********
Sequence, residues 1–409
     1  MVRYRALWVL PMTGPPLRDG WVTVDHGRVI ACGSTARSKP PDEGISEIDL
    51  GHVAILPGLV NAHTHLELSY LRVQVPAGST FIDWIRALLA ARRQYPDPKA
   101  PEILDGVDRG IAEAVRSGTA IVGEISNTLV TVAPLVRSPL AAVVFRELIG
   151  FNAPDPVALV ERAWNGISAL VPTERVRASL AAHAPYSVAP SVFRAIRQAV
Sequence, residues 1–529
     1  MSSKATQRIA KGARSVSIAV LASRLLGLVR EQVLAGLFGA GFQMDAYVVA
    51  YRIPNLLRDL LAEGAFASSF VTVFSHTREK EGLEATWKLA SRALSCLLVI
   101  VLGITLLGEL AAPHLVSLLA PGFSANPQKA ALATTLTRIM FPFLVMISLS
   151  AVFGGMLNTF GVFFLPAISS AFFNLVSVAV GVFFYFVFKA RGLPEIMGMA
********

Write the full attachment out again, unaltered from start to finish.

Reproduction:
Sequence, residues 1–409
     1  MVRYRALWVL PMTGPPLRDG WVTVDHGRVI ACGSTARSKP PDEGISEIDL
    51  GHVAILPGLV NAHTHLELSY LRVQVPAGST FIDWIRALLA ARRQYPDPKA
   101  PEILDGVDRG IAEAVRSGTA IVGEISNTLV TVAPLVRSPL AAVVFRELIG
   151  FNAPDPVALV ERAWNGISAL VPTERVRASL AAHAPYSVAP SVFRAIRQAV
Sequence, residues 1–529
     1  MSSKATQRIA KGARSVSIAV LASRLLGLVR EQVLAGLFGA GFQMDAYVVA
    51  YRIPNLLRDL LAEGAFASSF VTVFSHTREK EGLEATWKLA SRALSCLLVI
   101  VLGITLLGEL AAPHLVSLLA PGFSANPQKA ALATTLTRIM FPFLVMISLS
   151  AVFGGMLNTF GVFFLPAISS AFFNLVSVAV GVFFYFVFKA RGLPEIMGMA